Saturday, August 24, 2019


Christians under construction: blessed are the pure in heart.
Carroll FUMC August 24 and 25, 2019


  Good morning fixer uppers. Back to work on the rehab project today.  Which means back to work on ourselves.  We are God’s rehab projects and remolding your heart is God’s favorite job.
We have talked about 5 of the beatitudes and you can almost see them as a process.
 The first beatitude tells us that we have to admit that we are poor in spirit, which means knowing deep inside that we are empty, powerless, and completely unable to save ourselves.
The second beatitude challenges us to begin to regret or mourn the ways we have hurt God and the people around us.
Meekness, which is the third beatitude, means that we voluntarily give up our right to direct our own lives in favor of God directing us.
  And then we develop a desperate hunger for God and God’s righteousness in the fourth beatitude.
Once we have been filled with God’s righteousness, the beatitudes start turning outward and talking about our faith in action like giving and receiving mercy.
  And today we come to purity of heart. Let’s say todays beatitude together. “BLESSED ARE THE PURE IN HEART FOR THEY SHALL SEE GOD.”

  Pure in heart… Let’s start with heart and we’ll come back to purity. 
The heart is a very powerful organ.
Physicists tell us that in one hour the heart works hard enough to lift a 150-pound man to the top of a 3-story building. In 12 hours enough to lift a 65-ton tank off the ground 1 foot. And in 70 years, a common life span, the heart has done enough work to lift the world's biggest battleship right out of the ocean. I defy you to create a machine that can work continuously 24 hours a day, 7 days a week year after year that does not need lubricating, adjusting, and does not even need to be tinkered with over the course of a lifetime.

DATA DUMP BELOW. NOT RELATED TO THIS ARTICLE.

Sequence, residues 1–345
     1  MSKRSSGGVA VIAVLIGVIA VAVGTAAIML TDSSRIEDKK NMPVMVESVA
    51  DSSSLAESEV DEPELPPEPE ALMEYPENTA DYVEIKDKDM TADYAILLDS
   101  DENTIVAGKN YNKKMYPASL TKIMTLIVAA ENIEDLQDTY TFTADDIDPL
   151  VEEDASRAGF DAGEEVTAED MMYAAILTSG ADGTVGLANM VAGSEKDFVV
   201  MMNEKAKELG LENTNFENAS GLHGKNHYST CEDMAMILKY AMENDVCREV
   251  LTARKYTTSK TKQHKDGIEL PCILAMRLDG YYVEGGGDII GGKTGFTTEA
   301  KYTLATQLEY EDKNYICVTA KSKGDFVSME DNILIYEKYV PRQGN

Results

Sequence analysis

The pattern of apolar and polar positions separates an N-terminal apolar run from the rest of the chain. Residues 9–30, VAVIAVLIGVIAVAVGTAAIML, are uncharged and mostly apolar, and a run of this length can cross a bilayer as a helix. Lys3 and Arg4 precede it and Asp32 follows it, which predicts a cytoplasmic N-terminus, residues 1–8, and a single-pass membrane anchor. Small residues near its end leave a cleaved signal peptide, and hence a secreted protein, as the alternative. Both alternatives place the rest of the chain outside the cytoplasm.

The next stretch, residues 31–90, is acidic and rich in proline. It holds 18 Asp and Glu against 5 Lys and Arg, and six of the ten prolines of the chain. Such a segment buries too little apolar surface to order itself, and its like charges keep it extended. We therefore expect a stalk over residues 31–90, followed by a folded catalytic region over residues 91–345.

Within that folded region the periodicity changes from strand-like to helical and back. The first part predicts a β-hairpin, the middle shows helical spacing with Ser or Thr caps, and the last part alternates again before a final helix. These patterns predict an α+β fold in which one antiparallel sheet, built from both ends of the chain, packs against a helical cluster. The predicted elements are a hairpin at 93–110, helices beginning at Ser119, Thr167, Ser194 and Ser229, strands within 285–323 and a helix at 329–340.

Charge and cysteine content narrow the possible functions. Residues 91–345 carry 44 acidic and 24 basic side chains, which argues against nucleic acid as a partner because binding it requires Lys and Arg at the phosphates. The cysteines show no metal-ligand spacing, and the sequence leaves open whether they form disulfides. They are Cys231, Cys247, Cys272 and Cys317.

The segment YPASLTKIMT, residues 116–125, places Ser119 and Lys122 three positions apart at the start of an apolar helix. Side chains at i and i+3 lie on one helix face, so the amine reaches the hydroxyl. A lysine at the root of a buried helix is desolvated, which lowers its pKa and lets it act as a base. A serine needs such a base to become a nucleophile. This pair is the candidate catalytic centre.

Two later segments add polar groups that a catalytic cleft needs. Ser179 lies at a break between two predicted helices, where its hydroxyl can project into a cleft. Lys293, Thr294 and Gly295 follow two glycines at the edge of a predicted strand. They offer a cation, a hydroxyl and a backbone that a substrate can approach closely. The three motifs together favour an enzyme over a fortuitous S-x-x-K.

Our heart is amazing. Of course, Jesus wants us to take care of it.  He is advocating a little cardio, good food and regular checkups, right? Was Jesus really ahead of his time with a degree in cardiology?  I don’t think so.

  When Jesus refers to the heart he is not talking in modern anatomical terms. He is using the ancient conception that the heart is the center of our being. The heart in biblical thought is the center of passions and emotions, thought and reflection, decision and will. It is the whole of our inner being from which come all our ideas, thoughts, feelings, desires, and decisions.  We might think of it as our REAL character. Jesus said in Matthew 15:18-20 that the heart is the source of the things that defile a person. 'But those things which proceed out of the mouth come forth from the heart; and they defile the man. For out of the heart proceed evil thoughts, murders, adulteries, fornications, thefts, false witness, blasphemies: These are the things which defile a person'.
But wait… good things come from the heart too. What about good thoughts, generosity, faithfulness, truth, and praise? Yes, they come from the heart, but only a heart that is pure.  Only when our true character is not concealed by sin.  The selfish desires, the jealousy, all the hate, all the fear obstructs our view of life and God. … Only as our true character is cleansed from all these impurities, does goodness begin to seep out and then we can see God more clearly.

  So, let’s talk about purity for a minute.
The Greek word Jesus uses for purity is 'CA-THI-ROS'  Ca-thi-ros was used to describe clean drinking water, threshed grain, metals that were 100% a single metal. From it we get the words catharsis, catheter, and cathartic. Each one has to do with getting rid of stuff we don’t need.
Our hearts are like well water… it is indeed water but there are all kinds of minerals and solubles in it. You might like that the taste, but if you want pure water, someone has to filter it and distill it so there is nothing but H2O in your glass.  This is the essence of 'cathiros' is to subtract the bad stuff until there is only one thing left. To subtract all the minerals  from water until is 100% H2O. It is to chip away all the stuff in our heart that was not put there by God at our conception until our hearts are 100% the image of God.
What does it mean to be pure of heart then? 
Does it mean that we are sinless?
Does it mean that we are perfect?
Does it mean that we never doubt?
 No, it doesn’t. The emphasis here is not on PURE but on HEART. Let me explain.